Gerard Alessandrini with lyrics by David Zippel
The Triad, New York
Like most New Yorkers, this visiting critic has not yet managed either to save up the dollars for the grey market or purloin a ticket to see Hamilton. The situation is so tricky that desperate New Yorkers might be reduced to travelling to Chicago or, in the fullness of time, London to see a show that has driven Broadway aficionados bananas.
The good news is that there are more affordable and available alternatives. These include acquiring the lavish script plus commentary book or the original cast recording.
However, Gerard Alessandrini and the team behind Forbidden Broadway have attempted to cash in on the craze by creating Spamilton, the original spoof Hamilton.
The odds are that while some of the visitors to an intimate venue at 72nd Street just off Broadway were using this as a way of getting somewhere near to the dream of really seeing the hottest ticket in town, far more were probably extending the Hamilton experience by enjoying its bastard second cousin.
This show swiftly betrays its roots, as about half of the material takes general pot-shots at Broadway’s finest, not to mention other high profile celebs. This means that if Stephen Sondheim, Liza Minelli or Beyoncé, to name a random selection, ever chanced along to The Triad, they might be a little embarrassed by satirical imitations of themselves.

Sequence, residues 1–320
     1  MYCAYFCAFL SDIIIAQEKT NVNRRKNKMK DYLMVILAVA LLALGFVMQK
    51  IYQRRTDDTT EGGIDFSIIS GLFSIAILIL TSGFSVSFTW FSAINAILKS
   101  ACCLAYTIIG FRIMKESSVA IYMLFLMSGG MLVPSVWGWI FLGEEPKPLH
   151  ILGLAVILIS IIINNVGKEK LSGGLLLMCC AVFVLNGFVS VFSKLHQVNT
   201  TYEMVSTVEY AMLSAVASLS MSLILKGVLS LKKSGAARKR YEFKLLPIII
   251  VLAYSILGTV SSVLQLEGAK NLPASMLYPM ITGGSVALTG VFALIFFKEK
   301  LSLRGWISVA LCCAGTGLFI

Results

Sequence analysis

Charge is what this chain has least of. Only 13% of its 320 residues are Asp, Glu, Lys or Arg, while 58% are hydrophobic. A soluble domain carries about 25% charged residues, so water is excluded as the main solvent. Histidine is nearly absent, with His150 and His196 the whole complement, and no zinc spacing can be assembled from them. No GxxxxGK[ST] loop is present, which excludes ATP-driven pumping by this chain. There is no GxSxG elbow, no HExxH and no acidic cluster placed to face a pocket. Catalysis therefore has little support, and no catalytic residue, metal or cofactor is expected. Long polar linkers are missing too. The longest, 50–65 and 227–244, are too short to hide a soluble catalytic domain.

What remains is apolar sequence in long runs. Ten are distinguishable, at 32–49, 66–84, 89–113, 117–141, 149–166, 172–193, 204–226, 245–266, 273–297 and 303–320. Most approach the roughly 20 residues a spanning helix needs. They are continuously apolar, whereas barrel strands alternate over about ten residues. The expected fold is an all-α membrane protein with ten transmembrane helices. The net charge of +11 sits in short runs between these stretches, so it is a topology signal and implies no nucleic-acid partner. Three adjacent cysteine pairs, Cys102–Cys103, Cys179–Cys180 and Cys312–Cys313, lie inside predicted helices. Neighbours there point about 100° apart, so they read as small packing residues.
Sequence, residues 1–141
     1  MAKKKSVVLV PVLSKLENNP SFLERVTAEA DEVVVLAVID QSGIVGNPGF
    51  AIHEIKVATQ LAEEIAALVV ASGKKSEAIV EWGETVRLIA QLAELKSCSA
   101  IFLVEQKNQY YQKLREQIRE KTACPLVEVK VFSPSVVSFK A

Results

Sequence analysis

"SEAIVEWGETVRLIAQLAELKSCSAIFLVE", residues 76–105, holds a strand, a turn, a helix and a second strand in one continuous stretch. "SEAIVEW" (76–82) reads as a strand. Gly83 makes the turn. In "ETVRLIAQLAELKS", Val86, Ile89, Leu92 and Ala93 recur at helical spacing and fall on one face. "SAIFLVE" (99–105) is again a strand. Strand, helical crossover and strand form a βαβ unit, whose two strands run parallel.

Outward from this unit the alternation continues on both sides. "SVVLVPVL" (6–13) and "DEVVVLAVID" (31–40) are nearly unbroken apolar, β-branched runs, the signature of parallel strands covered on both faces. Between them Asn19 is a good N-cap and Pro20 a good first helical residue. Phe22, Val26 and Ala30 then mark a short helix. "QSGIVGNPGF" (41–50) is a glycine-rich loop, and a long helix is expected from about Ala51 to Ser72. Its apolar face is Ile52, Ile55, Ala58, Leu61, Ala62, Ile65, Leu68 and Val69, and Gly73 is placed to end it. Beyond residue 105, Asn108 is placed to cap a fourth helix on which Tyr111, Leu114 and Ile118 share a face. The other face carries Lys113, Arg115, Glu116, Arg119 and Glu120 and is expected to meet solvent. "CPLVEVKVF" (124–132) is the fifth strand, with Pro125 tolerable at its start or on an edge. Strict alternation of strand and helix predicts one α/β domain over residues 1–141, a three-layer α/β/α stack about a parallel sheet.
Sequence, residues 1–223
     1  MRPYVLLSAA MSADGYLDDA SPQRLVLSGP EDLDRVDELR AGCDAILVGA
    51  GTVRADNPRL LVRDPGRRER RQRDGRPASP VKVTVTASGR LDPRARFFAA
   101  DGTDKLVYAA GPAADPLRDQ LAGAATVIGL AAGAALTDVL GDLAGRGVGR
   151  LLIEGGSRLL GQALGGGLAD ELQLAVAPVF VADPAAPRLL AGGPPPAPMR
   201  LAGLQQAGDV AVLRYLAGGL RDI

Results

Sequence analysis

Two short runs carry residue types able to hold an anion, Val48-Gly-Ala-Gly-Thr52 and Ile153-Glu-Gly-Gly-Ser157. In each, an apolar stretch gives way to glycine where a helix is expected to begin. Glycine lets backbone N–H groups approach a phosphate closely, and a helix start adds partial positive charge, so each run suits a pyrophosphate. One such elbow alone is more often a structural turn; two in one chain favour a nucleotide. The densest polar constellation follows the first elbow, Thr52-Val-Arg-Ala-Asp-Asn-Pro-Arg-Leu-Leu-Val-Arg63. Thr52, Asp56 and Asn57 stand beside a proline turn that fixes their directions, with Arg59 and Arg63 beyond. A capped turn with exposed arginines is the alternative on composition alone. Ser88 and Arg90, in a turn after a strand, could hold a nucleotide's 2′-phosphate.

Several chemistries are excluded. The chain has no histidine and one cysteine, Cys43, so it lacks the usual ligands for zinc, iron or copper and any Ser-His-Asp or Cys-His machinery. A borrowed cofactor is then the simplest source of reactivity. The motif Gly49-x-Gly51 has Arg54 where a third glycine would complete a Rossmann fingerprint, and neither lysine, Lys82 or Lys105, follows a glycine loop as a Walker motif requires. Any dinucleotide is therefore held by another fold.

The other half of the show parodies Lin-Manuel Miranda, genuinely a legend very early in his own lifetime, and his sold-out hip-hop tale of one of America’s founding fathers, as memorialised on the $10 note.
The methodology is scattergun. At times, Miranda and his original cast are ridiculed, though always in a relatively generous spirit. Characters such as Aaron Burr and the Schuyler Sisters (as the Schuyler puppets) also make guest appearances
Some of the songs are borrowed from the show and changed for comic effect, while other Broadway standards are also used in the context of this musical at the same time as the respective original.
The five-strong ensemble, led by Dan Rosales who impersonates Lin-Manuel with some skill, is supplemented by a couple of guests who help to bring the running time up to around 80 minutes.
Spamilton is exactly what one would expect: good light-hearted fun with many belly laughs. The revue team on show was energetic and, as one would expect, appeared to be having great fun as they were entertaining a suitably enthusiastic audience.
Reviewer: Philip Fisher